Learn to Relax—You’ll Have Better Events
Last Updated on October 7, 2021
Event management is pretty hard work – any event planner worth their salt is well aware of that fact. It’s a profession given to long, irregular hours, and one which requires deep passion coupled with a seemingly endless reserve of energy. Plenty of event planners speak of working almost constantly, with nary a moment to rest.
If you’re a novice event planner, you might be tempted to believe that this is the best road to success; that the best way to rise to the top of your profession is to toss aside everything not related to it. Unfortunately, you’d be entirely wrong. See, human beings aren’t really made to work ceaselessly. We aren’t made to constantly slave away at our jobs without even considering the notion of taking a break.
Not giving yourself some sort of a break is a surefire way to send both productivity and creativity straight through the floor.
That isn’t to say that the world’s top event planners aren’t hard workers. I guarantee that they are; they wouldn’t be at the top of their field if they were lazy. At the same time, however, they also understand something that most of us don’t: how to relax.
“Some people find it hard to take a real vacation, let alone a day off,” Writes Doctor Barton Goldsmith of Psychology Review. “If you are one of us, know that even though planned relaxation may seem a little counterintuitive, you have to learn how to do it on your own, or it could be forced on you.”
Goldsmith isn’t the only one who insists relaxation is integral to human beings, either. There’s a growing body of research which indicates that our traditional concept of work – that we can get more done simply by putting in more hours – is horrendously flawed. Relaxation not only makes us more productive, but also plays an important role in our physical well-being.
“More and more of us find ourselves unable to juggle overwhelming demands and maintain a seemingly unsustainable pace,” writes author and CEO of The Energy Report Tony Schwartz. “Paradoxically, the best way to get more done may be to spend more time doing less.”
“Time is the resource on which we’ve relied to get more accomplished,” he continues. “But time is finite, and many of us feel we’re running out, that we’re investing as many hours as we can while trying to retain some semblance of a life outside work. But time is finite…although many of us can’t increase the working hours in the day, we can measurably increase our energy.”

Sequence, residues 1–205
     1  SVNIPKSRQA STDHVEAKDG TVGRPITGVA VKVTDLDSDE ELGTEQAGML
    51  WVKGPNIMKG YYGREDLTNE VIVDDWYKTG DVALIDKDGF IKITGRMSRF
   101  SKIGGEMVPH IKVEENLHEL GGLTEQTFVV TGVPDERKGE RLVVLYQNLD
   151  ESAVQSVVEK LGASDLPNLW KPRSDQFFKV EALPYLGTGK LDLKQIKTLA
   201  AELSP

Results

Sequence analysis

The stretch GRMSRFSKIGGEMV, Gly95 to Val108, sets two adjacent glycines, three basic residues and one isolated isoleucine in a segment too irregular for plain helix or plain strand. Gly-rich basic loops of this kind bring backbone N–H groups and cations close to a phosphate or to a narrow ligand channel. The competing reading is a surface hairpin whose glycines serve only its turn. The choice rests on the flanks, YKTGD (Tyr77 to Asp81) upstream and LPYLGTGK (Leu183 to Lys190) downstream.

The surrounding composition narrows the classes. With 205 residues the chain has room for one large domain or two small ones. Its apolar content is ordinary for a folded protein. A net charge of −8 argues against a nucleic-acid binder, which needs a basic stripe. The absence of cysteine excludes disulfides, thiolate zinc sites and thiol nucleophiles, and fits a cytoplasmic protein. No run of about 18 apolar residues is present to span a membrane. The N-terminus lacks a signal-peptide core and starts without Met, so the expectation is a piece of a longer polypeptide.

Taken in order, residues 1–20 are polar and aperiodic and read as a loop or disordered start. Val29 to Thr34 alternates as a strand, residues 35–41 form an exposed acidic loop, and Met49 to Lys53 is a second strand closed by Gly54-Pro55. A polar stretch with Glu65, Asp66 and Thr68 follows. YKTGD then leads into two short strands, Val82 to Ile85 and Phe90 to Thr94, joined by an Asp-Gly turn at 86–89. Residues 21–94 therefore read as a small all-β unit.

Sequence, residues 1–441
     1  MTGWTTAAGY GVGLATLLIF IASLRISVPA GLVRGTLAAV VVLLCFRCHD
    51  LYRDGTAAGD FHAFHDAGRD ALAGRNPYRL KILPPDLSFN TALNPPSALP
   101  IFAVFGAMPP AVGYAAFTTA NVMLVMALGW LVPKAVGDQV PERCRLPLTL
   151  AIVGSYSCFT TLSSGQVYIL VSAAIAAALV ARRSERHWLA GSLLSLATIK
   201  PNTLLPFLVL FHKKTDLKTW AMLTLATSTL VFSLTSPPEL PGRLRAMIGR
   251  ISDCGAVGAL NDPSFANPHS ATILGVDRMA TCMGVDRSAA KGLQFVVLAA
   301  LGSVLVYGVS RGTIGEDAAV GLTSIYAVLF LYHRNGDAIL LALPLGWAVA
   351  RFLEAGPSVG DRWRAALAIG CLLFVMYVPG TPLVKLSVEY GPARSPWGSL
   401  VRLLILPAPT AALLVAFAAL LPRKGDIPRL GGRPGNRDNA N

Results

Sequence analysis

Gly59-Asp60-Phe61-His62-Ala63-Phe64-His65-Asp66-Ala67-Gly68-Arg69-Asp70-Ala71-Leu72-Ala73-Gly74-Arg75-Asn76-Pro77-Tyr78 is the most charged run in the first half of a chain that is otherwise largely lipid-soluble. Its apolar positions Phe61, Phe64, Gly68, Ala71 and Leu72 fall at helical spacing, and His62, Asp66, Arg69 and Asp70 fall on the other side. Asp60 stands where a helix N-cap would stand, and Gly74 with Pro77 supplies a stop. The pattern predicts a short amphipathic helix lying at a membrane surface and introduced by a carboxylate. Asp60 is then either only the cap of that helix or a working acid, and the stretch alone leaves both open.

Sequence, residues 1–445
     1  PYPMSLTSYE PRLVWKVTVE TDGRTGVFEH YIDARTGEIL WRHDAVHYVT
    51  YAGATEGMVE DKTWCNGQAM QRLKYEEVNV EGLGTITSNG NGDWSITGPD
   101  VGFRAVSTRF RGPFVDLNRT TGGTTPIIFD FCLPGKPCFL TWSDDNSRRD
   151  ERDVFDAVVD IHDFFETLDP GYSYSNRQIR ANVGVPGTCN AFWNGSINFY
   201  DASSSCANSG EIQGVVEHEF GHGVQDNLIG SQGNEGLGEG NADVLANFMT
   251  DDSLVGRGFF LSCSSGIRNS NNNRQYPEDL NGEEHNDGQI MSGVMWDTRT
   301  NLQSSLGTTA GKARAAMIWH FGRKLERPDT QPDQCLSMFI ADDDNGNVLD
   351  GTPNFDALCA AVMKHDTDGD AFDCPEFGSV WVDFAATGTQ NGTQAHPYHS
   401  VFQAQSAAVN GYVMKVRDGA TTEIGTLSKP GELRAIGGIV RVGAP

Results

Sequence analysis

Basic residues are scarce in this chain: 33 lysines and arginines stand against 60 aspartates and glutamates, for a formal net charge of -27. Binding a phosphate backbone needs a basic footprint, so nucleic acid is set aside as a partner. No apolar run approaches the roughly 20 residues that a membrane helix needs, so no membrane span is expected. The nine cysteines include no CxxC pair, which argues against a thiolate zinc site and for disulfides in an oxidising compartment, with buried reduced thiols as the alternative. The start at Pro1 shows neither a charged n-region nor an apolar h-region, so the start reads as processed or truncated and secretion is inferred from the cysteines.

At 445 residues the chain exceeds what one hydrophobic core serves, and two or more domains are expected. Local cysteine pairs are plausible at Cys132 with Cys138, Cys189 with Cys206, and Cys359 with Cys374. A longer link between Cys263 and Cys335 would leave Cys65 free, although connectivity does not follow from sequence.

The best way to do that, explains Schwartz, is to simply relax. Take a break every now and then, and let yourself ignore your work. Although Schwartz also advises only working in ninety-minute stretches, I’d suggest that this isn’t really feasible for most of us. The important thing, I think, is that one does take a break once in a while.
Now, at this point, a lot of you are probably wondering…how, exactly, does this relate to event management?
That’s easy. If you teach yourself how to relax – just take a breather every once in a while – you’ll find you’re actually far better-equipped to plan out your events. You’ll be a better event planner, and have just a smidge of that boundless energy possessed by so many veterans in the field.
What you do to relax doesn’t even need to be terribly complicated, either. Just take a walk, meditate for a few minutes, stretch, take a nap; the important thing is that you give yourself the occasional respite to recharge. Learn how to do that, and everything else will simply click into place.
Before we wrap things up, there’s one last thing worth mentioning – relaxation on the event floor. The day of your show is probably one of the most stressful periods you’ll go through as an event manager. That means that it’s even more important that you take a breather every now and then, lest all the stress make you go crazy.
To that end, you should make sure you schedule a bit of time every hour and a half (roughly) for you to sit down and take a breather. It doesn’t really matter what you do on this break, or where you go. Again, the important thing is that you stop every now and then to gather your thoughts.
One trait shared by virtually every top event management professional in the world is that they never seem to need to slow down. They’re always on the go; and always crunching new ideas or running some event or other. Thing is, they need to relax just like everyone else; they’re simply better at it than most people. The good news is that with practice, you can be just like them – and your career as an event planner will be all the better for it.
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